Nursing faculty, students provide screenings, health education at National Farm Machinery Show

Nursing faculty, students provide screenings, health education at National Farm Machinery Show

Nursing student and Cheryl Dean-Witt, PhD, RN, at the National Farm Machinery Show

Led by faculty member Cheryl Dean-Witt, PhD, RN, assistant professor, in collaboration with the Kentucky Department of Agriculture and UofL Health - UofL Physician's Vascular Ultrasound Lab, the School of Nursing helped provide health screenings and education at the National Farm Machinery Show held in Louisville this February. 

Witt, whose research focus is rural and Appalachian health, said their efforts at the event likely helped save lives. 

The outreach to farmers, their families and other exhibitors, resulted in 134 screenings of carotid arteries, which detect plaque and stenosis in the carotids. Early detection can prevent stroke and/or death from the stroke.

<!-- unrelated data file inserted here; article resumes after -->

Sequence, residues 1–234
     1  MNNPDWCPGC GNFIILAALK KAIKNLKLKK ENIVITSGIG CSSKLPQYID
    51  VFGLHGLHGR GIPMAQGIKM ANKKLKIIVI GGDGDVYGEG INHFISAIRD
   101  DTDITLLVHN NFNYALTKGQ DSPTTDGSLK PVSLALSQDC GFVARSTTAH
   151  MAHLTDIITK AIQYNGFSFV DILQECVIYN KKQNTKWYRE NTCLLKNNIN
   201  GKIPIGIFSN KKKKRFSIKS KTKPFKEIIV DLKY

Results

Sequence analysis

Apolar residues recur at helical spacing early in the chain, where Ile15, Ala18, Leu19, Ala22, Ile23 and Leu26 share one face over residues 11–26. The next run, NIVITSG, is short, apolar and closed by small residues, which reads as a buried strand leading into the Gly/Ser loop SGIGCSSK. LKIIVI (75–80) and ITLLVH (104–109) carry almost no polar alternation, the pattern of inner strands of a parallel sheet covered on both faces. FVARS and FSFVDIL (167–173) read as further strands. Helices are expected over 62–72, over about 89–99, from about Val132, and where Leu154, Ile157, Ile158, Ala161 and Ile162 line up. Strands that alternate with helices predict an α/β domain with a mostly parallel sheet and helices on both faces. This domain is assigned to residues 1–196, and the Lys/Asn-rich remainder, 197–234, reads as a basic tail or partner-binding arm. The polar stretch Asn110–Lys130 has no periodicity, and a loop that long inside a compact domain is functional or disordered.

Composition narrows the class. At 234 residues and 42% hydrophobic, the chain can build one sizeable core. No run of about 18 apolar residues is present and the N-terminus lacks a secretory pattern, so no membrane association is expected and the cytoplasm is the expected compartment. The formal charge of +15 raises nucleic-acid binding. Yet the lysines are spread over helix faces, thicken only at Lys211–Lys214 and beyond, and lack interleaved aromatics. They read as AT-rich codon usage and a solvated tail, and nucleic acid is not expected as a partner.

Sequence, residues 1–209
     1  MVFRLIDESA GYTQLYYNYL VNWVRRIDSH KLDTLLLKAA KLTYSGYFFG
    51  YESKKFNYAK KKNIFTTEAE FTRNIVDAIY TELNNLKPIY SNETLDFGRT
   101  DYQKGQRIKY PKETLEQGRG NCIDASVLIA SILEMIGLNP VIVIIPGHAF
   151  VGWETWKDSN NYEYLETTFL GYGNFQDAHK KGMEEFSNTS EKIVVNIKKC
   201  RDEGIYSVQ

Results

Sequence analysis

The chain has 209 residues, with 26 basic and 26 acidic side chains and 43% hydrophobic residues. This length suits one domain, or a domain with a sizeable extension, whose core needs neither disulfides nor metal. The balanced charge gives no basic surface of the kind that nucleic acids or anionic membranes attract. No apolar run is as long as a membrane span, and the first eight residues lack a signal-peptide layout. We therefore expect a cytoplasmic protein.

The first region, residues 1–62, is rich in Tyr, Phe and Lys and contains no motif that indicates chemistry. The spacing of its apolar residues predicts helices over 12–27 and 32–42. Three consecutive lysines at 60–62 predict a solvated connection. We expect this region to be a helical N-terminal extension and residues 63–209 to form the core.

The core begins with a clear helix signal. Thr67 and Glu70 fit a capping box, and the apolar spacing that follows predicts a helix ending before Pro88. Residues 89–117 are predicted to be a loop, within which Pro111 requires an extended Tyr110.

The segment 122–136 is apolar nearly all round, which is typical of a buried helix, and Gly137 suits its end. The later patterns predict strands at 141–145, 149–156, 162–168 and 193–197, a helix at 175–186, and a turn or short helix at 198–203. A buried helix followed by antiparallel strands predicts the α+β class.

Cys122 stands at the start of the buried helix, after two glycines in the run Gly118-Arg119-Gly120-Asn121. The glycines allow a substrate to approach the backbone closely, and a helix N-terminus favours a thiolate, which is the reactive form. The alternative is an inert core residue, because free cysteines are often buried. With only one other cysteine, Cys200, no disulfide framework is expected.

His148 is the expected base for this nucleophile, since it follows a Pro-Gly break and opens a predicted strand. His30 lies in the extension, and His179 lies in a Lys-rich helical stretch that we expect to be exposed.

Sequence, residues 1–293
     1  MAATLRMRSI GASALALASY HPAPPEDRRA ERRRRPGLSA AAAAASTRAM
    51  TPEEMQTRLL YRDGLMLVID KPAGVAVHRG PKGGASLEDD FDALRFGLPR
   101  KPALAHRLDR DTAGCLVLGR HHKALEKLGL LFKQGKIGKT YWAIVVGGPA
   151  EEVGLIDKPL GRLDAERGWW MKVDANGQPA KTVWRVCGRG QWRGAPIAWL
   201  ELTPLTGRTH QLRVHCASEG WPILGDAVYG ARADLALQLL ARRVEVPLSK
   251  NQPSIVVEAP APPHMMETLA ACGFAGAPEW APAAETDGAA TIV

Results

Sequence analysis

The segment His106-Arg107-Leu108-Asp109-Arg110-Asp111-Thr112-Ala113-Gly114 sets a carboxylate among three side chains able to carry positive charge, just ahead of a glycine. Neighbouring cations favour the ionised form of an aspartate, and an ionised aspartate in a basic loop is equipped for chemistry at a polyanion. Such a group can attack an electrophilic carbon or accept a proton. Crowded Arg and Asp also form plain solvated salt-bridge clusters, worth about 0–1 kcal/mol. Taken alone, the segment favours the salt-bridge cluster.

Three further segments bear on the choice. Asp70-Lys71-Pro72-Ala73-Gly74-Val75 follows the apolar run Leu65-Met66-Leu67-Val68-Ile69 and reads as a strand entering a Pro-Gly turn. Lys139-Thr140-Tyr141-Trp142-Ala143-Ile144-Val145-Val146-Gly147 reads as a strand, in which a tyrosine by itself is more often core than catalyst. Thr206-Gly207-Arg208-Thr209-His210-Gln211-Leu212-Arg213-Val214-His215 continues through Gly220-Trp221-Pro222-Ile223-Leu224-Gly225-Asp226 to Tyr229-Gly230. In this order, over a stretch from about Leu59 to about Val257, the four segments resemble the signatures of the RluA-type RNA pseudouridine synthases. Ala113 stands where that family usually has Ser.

Of those screened, 85 were placed into the low risk category, with a recommendation of routine follow-up with their physician; 47 were placed into the moderate risk category due to mild-moderate plaque and/or stenosis, with a recommendation to schedule a diagnostic carotid duplex within 6-12 months; and two were placed into the high risk category due to severe plaque and/or stenosis and were contacted for follow-up with one of the vascular surgeons.  

UofL nursing students also provided health education. Over the four-day-event, 147 people were screened for hypertension and glucose levels, 99 men and 48 women. The participants also were asked if they saw a health care provider on an annual basis. 

Of these, 61 percent of participants reported seeing a physician on at least and annual basis; however, there was a significant difference between genders (p= .006); 28 percent of the men reported they did note see a physician annually, compared to only eight percent of women reporting they had not  seen a health care provider. Another significance noted between genders was related to blood pressure (p= .005). Of the men, 82 percent had elevated (or greater) blood pressure, compared to 30 percent of women.